Reasons to read it: For Janelle Monáe. That’s it. That’s the tweet. If you need more, The Memory Librarian takes place in the same world as her concept album Dirty Computer, although you don’t need to be familiar with it to appreciate the stories here. These six dystopian stories coauthored by Monáe and others grapple with a totalitarian regime and the importance of the things that fight against it, like community and love.
Violets by Kyung-Sook Shin, Translated by Anton Hur
We join San in 1970s rural South Korea, a young girl ostracised from her community. She meets a girl called Namae, and they become friends until one afternoon changes everything. Following a moment of physical intimacy in a minari field, Namae violently rejects San, setting her on a troubling path of quashed desire and isolation.
We next meet San, aged twenty-two, as she starts a job in a flower shop. There, we are introduced to a colourful cast of characters, including the shop’s mute owner, the other florist Su-ae, and the customers that include a sexually aggressive businessman and a photographer, who San develops an obsession for. Throughout, San’s moment with Namae lingers in the back of her mind.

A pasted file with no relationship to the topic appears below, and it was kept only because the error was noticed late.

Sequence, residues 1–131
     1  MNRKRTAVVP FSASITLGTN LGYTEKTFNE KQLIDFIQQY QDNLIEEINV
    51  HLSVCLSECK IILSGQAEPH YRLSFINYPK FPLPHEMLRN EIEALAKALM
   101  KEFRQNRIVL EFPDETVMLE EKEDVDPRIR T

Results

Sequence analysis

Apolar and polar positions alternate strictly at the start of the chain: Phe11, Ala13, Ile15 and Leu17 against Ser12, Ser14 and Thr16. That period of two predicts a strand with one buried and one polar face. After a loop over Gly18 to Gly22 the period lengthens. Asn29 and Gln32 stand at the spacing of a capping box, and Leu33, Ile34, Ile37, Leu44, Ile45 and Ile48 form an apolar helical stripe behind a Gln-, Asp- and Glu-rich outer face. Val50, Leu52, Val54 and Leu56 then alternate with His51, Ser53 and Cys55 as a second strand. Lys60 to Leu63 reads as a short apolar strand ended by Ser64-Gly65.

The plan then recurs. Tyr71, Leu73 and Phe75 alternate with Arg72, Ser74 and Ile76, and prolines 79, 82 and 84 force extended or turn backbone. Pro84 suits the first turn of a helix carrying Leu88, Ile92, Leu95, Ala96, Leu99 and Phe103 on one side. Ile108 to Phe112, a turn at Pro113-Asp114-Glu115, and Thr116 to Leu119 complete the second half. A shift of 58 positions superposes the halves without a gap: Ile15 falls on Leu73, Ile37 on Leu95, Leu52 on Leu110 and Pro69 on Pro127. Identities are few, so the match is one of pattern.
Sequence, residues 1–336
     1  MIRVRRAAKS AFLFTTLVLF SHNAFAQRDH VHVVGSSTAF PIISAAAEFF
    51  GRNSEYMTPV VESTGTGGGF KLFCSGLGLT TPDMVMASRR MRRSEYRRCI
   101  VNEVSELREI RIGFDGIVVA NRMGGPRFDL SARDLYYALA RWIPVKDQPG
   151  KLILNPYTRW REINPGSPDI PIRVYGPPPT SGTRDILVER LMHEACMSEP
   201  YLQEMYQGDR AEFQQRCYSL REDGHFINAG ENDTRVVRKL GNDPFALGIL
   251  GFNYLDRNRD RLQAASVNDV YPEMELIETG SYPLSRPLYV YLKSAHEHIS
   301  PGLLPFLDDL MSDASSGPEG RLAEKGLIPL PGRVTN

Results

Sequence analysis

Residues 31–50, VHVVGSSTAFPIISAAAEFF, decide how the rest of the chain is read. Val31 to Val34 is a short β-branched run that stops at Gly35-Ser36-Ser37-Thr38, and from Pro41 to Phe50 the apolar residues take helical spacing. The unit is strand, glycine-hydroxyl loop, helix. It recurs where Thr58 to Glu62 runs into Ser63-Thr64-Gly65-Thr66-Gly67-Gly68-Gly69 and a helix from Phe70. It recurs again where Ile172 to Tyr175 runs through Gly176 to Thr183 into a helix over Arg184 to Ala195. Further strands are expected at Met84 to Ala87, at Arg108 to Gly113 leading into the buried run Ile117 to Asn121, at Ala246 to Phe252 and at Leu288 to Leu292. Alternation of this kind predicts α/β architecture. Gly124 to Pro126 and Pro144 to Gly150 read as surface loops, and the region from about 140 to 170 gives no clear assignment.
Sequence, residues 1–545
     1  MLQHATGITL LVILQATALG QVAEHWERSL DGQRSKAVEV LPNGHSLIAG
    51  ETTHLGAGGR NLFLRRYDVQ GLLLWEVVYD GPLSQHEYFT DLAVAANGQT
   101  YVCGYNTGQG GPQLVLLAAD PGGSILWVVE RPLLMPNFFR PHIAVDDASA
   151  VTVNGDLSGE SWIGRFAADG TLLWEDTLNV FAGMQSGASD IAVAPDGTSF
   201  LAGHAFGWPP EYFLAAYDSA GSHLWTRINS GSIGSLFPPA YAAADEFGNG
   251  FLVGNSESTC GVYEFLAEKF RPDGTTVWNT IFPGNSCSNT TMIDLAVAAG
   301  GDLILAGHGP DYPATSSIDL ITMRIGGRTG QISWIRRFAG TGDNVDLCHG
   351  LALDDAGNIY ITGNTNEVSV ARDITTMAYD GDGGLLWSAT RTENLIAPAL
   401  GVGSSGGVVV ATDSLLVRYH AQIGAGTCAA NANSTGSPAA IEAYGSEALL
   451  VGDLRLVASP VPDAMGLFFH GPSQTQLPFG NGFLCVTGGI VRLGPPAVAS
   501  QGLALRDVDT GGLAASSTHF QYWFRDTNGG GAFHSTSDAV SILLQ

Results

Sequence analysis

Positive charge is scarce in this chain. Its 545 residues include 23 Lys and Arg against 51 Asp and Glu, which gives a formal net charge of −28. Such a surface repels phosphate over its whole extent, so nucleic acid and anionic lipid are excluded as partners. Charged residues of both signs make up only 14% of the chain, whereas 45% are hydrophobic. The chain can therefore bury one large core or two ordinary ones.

A story of desire and violence about a young woman who everyone forgot, Violets is a captivating and sensual read, full of tragedy and beauty.
Reasons to read it: For a look into the queer life of an isolated girl in South Korea in the ’70s. This is a quiet novel of love, rejection, and despair from a Man Asian Literary Prize winner. Through San’s story, we see how women in the margins can be oppressed and cast aside.
Spear by Nicola Griffith